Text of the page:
As a freelance writer, don't ever let anyone tell you differently. If you can produce even reasonably high quality Web content, you can be doing much better for yourself than "selling out" to the hoards of webmasters expecting the world from their writers, for nearly no pay.
Are there any good excuses for writing free or cheap content for webmasters? Sure.
Here are a few:
1. You're not a native speaker of the language that you're writing in, and you're either content with low wages (because it's of higher value in your area), or you know your writing skills in the language aren't good, and you're trying to improve through writing.
2. You're writing about something you're passionate about, and don't care about the money... you'd just rather not be bothered with maintaining a site of your own, and publishing to someone else's is easier for you.
3. You write just for the sake of writing, more as a hobby, and don't really care about getting your name out there, building respect and your reputation as a writer, or earning money.
But for the rest of you, who do truly want to earn a living as a freelance writer, especially in the English-language market, there are also a few reasons why you shouldn't make the mistake of jumping on $5 writing gigs and the like.
The Wrong Reasons to Sell Out Your Writing:
1. You're a beginner, and you believe that the cheap content, SEO'd to death, webmaster marketplace for writers is really the best first step to a writing career.
Here's what's wrong with that: The fact of the matter is that it's beyond unlikely that you'll later move from a cheap marketplace into a significantly higher-paying one (such as going from the $.005 / word markets too often published to the $1 / word rates in many professional publications) - it's just not likely to happen. Once you devalue your work and yourself as a writer, you tarnish your reputation to some degree. Those samples you did cheaply for SEO work (as in the practically unreadable kind of SEO'd articles) will mean diddly squat if you submit them in a portfolio to a high-paying publication down the road.
2. You don't want to wait for payments, and the instant payment option of writing for webmasters is appealing to you.
Here's what's wrong with that: Are instant payments nice? You betcha! But do you want to know what's even nicer? Getting a $1000 check or more in the mail for a few hours worth of work. Needing a constant stream of income is a common need most writers have - we all have bills to pay, things we want to do, and places we want to go. But working in higher-paying markets doesn't have to be a problem. The key is getting past that initial transition period. If you're religious about your marketing efforts, and are constantly lining up gigs, once the payments start, they'll keep on coming. Nothing good is easy in the beginning. It takes a bit of time, and it takes work. If you want to be a successful freelance writer in any market, you need to understand that, and embrace that, first and foremost.
3. You think the webmaster marketplace for writers is the writers' market.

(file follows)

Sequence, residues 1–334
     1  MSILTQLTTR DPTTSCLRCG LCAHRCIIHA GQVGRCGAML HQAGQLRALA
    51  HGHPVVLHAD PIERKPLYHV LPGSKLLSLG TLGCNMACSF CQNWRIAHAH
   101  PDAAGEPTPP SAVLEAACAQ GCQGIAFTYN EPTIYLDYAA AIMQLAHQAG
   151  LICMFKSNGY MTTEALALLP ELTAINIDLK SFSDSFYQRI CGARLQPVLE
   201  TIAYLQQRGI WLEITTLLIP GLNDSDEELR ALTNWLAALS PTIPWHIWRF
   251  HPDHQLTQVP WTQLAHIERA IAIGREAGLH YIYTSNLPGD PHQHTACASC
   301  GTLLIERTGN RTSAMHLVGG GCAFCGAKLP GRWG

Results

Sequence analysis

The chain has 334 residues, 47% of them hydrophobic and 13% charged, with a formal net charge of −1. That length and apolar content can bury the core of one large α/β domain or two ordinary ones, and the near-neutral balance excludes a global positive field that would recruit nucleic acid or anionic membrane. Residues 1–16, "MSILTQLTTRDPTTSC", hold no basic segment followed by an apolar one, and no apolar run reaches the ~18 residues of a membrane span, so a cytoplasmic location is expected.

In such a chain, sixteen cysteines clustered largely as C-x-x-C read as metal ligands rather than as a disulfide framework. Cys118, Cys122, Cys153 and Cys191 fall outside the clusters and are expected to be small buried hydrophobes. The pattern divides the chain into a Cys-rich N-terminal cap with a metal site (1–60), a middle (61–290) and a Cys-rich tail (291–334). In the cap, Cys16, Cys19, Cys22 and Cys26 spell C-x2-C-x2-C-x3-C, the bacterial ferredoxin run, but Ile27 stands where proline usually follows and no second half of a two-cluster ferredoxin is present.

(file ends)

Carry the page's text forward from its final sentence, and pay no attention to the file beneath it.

Here's what's wrong with that: The problem is that you're only believing what you can see. Since you see webmasters on forums, bid-based freelance marketplaces, etc. advertising tons of these low-paying, low-quality jobs, you assume that's what's in demand. Because writers don't see high-paying gigs advertised, they assume they don't exist... not true. Many are never advertised, and many high-paying gigs are available if you'd take the time to find writers' markets that are appropriate to your background, and query them. The keys to successful (and reasonably high-paying) freelance writing are:
- Networking - Network with other writers, or professionals in any area of the publishing industry. You never know when a contact might come in handy, and writers of the same caliber are often more than willing to pass along quality leads, and refer colleagues for jobs.
- Knowing Where to Look - The fact of the matter is that you're not likely to find many (if any) high-paying freelance writing gigs (even in online content writing) by hanging around webmaster forums and freelance marketplaces. You need to learn where to find better markets to focus on, and you can do that by browsing writers markets (like those posted here daily, or through services such as http://www.writersmarket.com), and higher quality job sites for writers (such as http://www.journalismjobs.com and http://www.mediabistro.com).
So stop selling yourself short! A transition might be tough in the beginning as you try to line up a steady series of higher-paying writing gigs, but if you have enough faith in your writing, confidence in your worth, a bit of patience, and (obviously) some skill, you can break out of the $5 and less per market, to start earning hundreds or even thousands of dollars per article. Look at it from a quality of life standpoint. If you wanted to earn $200 writing about a topic you love, would you rather:
a) Have to write 40 $5 articles, or
b) Write 1 $200 article for a moderately-paying market, and still have plenty of time left over to query other publications, work on your own content sites, etc.?
Think about it....